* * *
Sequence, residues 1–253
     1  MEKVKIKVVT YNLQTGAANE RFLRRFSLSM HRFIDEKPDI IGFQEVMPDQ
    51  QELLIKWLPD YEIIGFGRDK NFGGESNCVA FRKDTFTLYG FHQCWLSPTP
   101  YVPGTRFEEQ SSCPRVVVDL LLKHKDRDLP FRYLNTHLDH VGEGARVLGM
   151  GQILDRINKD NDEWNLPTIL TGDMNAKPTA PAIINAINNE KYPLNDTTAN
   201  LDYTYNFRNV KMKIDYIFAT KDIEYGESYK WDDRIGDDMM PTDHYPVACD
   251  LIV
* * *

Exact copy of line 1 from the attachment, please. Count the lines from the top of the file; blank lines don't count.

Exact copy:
Sequence, residues 1–253